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Adolescent mental health and development

3:00pm-4:00pm on Saturday 3 April
All day on Sunday 4 April

Times shown are in GMT (UTC +0) up to the 27th March. For events on or after 28th March times are in BST (UTC +1).

Why do teenagers feel and act the way that they do?


Professor Sarah-Jayne Blakemore and Chris Mann (BBC Radio Cambridgeshire) discuss how the teenage brain changes and how COVID-19 might be impacting adolescent development and mental health.


Adolescence is a period of life often characterised by behaviours that can seem irrational, such as excessive risk-taking and impulsivity. However, these behaviours can be interpreted as adaptive and rational, given that a key developmental goal of this period of life is to mature into an independent adult, while navigating an increasingly complex social world.


In adolescence, peer evaluation and peer influence are heightened, social cognitive processes are developing and areas of the social brain undergo reorganisation. As such, adolescence might reflect a sensitive period of social brain development, which is important for adapting to the social environment.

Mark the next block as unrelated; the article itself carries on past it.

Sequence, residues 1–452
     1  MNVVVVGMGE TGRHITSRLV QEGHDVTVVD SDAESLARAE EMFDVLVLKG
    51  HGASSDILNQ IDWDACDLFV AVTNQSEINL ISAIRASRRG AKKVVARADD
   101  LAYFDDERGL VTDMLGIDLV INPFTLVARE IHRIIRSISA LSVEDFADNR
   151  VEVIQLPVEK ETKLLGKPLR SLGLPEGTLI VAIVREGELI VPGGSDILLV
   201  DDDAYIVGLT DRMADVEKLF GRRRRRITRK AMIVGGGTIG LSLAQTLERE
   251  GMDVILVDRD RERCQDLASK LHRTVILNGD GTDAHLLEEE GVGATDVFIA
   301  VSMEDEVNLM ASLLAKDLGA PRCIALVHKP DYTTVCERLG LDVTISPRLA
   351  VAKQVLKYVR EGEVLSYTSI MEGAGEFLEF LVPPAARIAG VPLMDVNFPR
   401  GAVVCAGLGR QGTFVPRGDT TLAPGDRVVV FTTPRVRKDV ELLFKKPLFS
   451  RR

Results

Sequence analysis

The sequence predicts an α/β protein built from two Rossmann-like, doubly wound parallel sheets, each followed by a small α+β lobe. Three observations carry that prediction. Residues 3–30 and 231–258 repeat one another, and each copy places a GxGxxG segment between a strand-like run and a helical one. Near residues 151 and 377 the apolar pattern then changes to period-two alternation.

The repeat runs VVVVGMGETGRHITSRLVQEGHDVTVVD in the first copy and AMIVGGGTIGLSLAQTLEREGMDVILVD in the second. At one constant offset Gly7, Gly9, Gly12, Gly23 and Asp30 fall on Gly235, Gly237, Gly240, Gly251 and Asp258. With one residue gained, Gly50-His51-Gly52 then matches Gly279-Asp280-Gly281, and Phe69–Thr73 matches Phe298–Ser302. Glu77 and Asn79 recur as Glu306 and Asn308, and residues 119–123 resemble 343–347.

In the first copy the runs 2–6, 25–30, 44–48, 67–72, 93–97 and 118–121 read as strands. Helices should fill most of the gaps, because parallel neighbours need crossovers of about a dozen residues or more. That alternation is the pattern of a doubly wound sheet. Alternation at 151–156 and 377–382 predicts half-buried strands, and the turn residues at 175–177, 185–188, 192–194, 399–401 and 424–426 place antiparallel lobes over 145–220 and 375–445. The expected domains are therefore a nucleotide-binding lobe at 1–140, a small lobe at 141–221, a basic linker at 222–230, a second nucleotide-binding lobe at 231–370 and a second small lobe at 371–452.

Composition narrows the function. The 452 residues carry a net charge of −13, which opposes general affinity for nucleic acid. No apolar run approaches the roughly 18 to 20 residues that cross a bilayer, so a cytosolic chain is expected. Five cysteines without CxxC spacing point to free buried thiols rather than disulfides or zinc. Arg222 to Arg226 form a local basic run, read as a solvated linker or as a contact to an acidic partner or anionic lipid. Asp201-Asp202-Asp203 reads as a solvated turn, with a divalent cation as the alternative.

Sarah-Jayne Blakemore is Professor of Psychology and Cognitive Neuroscience at the University of Cambridge, UK, and leader of the Developmental Cognitive Neuroscience Group. Her group's research focuses on the development of social cognition and decision making in the human adolescent brain, and adolescent mental health.


Professor Blakemore is Chair of the Royal Society of Biology Education and Science Policy Committee. Professor Blakemore has been awarded multiple awards for her research including the Young Mind & Brain Prize 2013, the Royal Society Rosalind Franklin Award 2013, the Klaus J Jacobs Prize 2015 and the British Psychological Society Presidents' Award 2018. She is a Fellow of the British Academy, the Royal Society of Biology and the American Association of Psychological Science.


Professor Blakemore‘s recent book, Inventing Ourselves: the secret life of the teenage brain, was awarded the Royal Society Book Prize 2018 and the British Psychological Society Book Prize 2020 and was voted Hay Festival Book of the Year 2018.


This event is organised in partnership with Cambridge Neuroscience Interdisciplinary Research Centre. Find out more about this research on social media @sjblakemore and @CamNeuro on Twitter or through our website:

Booking/Registration is: RECOMMENDED

This event will premiere on the University's YouTube channel.

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Additional Information

Age: Young Adults 12 – 18, Adults
Timing: Live Stream, Available on Demand
Cost: free
Event Capacity: unlimited
Theme: Society, Health
Accessibility: Closed Captions

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